Letters

Pucker Up

I really enjoyed the article on persimmons [October; Page 8] and will try the bread and tea recipes this year. I am a Missouri transplant, and I am eagerly learning all I can about the beautiful natural world Missouri offers. Talking with friends who are Missouri natives, I heard it said that some folk look to the persimmon to predict the winter. The seeds are the key in this folklore or fact. It was said that when you split the seed coat, the embryo will be one of three shapes: a spoon, a fork or a knife. A “spoon” would mean plenty of snow. A “fork” would mean a good harvest or a “normal” winter, whatever that is. And a “knife” would predict a cutting cold. I have picked a persimmon this September and split a seed to see what we might expect—dust off the snow shovels, I saw a spoon! Thanks for your great articles.

Eric Jackson, director of education, Powell Gardens

Missouri is teeming with free produce if you know where and when to find it and what to do with it. For the adventurous home winemaker, I highly recommend persimmon wine. I discovered dry persimmon mead when I was given a 5-gallon bucket of very ripe persimmons a few years back. I’ll make wine out of anything, I consider it a challenge, and it’s best when the fruit is free. The sweet honey-like aroma of ripe persimmons got me to thinking that honey would make a good flavor combination, so I found a persimmon wine recipe and replaced part of the sugar with honey. The result was a complex and truly astonishing wine reminiscent of Pinot Grigio and Sauvignon Blanc that all my wine-loving friends seem to enjoy.

Chris Cady, Ph.D., Columbia

Reading Larry Beckett’s story, I was fondly reminded of the hike my friend Darwin Portman led, for years prior to his death, for the St. Louis-area Gateway chapter of American Youth Hostels. He called it Portman’s Perennial Persimmon Picking Perambulation, and ended the day by giving each of us a copy of his own favorite recipe for persimmon bread. I, of course, rushed home to give it a try, and the recipe, somewhat worse for wear, is still in my collection.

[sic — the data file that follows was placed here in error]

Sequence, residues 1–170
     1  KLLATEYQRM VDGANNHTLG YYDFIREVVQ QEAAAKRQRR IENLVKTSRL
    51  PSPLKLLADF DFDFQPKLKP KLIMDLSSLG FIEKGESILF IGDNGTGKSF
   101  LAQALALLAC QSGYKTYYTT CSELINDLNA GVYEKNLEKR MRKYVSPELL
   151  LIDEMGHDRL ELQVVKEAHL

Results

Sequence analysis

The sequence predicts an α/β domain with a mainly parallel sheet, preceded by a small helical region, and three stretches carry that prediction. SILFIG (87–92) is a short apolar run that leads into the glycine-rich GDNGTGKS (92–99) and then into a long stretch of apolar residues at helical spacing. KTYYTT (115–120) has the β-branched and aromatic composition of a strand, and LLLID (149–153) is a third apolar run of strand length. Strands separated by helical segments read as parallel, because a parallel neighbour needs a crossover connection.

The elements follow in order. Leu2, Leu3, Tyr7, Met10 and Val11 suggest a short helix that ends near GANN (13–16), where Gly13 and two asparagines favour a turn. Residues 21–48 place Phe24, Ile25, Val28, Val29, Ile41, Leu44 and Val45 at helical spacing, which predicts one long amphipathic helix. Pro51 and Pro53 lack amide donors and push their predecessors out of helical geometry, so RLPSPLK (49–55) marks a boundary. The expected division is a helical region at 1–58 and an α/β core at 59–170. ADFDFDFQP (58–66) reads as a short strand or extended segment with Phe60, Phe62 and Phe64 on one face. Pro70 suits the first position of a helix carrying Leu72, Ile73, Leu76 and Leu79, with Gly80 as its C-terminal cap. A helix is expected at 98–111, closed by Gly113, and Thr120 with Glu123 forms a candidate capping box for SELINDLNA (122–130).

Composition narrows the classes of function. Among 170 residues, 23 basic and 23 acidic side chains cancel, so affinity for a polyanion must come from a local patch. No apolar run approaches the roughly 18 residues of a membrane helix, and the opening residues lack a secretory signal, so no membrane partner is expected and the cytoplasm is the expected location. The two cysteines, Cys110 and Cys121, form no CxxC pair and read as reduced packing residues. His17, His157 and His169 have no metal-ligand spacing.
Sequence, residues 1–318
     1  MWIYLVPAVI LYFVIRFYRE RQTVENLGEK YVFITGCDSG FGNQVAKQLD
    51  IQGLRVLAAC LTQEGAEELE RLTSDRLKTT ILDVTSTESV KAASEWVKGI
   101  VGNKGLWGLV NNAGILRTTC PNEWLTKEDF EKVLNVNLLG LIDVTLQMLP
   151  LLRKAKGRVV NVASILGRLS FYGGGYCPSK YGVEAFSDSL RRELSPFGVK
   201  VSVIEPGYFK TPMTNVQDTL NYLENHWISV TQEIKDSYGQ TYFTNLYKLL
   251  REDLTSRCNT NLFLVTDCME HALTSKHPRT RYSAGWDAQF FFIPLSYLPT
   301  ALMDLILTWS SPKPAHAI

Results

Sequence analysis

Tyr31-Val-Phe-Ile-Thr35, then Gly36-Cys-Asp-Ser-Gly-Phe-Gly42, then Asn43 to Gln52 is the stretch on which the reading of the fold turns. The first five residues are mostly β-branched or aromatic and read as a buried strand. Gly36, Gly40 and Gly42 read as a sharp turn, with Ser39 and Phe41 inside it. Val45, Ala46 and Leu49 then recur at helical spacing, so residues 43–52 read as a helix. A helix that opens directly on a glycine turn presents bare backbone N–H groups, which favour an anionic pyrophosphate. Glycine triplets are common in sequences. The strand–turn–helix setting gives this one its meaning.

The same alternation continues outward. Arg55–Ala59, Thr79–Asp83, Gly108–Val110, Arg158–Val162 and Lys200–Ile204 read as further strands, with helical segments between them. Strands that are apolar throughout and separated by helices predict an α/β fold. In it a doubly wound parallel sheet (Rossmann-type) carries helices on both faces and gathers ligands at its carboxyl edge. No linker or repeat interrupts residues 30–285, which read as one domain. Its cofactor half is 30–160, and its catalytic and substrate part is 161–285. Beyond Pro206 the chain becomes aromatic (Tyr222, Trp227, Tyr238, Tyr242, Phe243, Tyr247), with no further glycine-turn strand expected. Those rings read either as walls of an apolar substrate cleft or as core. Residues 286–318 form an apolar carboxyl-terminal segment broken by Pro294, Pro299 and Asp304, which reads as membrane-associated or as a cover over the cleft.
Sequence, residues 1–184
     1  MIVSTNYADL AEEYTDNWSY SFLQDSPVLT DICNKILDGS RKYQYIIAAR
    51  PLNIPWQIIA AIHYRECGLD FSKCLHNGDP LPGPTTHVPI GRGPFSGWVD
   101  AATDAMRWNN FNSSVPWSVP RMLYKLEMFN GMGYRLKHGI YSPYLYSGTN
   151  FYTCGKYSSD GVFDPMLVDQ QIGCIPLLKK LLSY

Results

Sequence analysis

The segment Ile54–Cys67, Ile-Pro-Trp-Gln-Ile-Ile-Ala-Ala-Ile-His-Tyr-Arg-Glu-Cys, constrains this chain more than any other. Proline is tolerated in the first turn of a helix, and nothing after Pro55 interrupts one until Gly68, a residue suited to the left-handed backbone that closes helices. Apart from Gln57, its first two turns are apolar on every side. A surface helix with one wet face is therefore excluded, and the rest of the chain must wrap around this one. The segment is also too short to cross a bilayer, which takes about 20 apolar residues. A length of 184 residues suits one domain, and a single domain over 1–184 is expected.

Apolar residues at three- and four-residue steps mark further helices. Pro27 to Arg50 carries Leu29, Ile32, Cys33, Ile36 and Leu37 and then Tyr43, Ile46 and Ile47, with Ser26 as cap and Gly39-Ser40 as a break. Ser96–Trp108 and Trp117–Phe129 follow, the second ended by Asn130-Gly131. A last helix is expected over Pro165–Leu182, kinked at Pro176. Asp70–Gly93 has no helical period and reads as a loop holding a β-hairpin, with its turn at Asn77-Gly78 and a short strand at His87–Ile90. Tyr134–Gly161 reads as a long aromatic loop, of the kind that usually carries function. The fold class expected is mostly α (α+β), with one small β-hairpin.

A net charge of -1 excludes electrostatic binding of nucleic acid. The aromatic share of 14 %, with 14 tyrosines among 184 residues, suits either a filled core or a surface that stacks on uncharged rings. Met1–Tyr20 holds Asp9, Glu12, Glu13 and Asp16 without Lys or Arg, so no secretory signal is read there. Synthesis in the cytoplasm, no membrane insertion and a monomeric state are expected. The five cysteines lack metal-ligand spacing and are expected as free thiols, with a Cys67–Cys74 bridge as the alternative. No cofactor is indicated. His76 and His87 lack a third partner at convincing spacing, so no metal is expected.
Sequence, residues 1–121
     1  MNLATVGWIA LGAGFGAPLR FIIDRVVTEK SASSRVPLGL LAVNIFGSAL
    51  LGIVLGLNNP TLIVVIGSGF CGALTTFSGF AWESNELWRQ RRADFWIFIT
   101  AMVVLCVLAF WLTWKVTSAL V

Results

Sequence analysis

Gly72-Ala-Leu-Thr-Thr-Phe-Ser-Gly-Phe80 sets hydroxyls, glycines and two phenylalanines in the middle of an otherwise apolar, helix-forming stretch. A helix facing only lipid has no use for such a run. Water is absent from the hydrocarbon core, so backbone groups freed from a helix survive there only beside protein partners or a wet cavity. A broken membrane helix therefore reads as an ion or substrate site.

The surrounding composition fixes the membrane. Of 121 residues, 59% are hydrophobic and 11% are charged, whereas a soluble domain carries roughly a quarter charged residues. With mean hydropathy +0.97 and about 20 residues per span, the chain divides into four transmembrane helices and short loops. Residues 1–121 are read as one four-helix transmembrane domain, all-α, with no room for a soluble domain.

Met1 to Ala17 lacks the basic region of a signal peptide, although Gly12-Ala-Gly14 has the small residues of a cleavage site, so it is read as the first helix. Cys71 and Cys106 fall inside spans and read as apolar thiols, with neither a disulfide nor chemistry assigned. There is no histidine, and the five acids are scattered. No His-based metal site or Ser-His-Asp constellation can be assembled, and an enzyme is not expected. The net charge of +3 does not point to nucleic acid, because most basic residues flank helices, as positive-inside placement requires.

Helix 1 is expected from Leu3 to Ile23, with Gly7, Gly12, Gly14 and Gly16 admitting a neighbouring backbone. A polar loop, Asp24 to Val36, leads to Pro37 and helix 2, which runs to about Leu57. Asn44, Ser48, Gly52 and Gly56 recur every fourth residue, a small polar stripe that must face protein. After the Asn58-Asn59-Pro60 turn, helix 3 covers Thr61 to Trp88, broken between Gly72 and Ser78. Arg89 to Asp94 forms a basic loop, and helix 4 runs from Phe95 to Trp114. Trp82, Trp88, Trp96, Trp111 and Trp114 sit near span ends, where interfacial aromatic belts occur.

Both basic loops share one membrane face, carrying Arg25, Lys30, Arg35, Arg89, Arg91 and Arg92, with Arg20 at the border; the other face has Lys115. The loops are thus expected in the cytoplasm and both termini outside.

Joel Achtenberg, Webster Groves

All aboard?

I suppose it was inevitable that Hunter Education courses would be handled on the web. I would hate to see the classroom method done entirely away with though. I took the course with my son in 1985. It was not convenient either, but we enjoyed it all. In fact, today we often speak of the class and share some laughs about some of the characters who were in it. As I recall, it was taught by a conservation agent, and a life-long hunter who volunteered. They shared some great stories from their personal experiences that made the learning fun. I feel certain that other instructor volunteers bring just such an approach to it as well. Online is fine, but do not do away with the classroom.

Jim Karr, Blue Springs

Careful dresser

The tips in Trophy Deer Care [October] were very good, especially coming from a veteran taxidermist. However, I oppose splitting the pelvis when field dressing a deer as it can result in broken knife blades and/or injury. I have broken two or three blades this way and know one man who cut his thumb so badly that he required surgery to reattach tendons. As noted in the article, the lower intestine and fecal matter can be removed without splitting the bone. Then I fillet the meat from the pelvic bone, allowing the legs to splay out and the hams cool. I begin my cut where the hams come together and slowly fillet along the pelvic bone in either direction. Harvesting larger game (such as elk) taught me lessons about the futility of splitting the pelvic bone, which I now apply to my whitetail harvests as well.

Mike Billman, Prairie City, Ore.

Submissions reflect readers’ opinions and may be edited for length and clarity.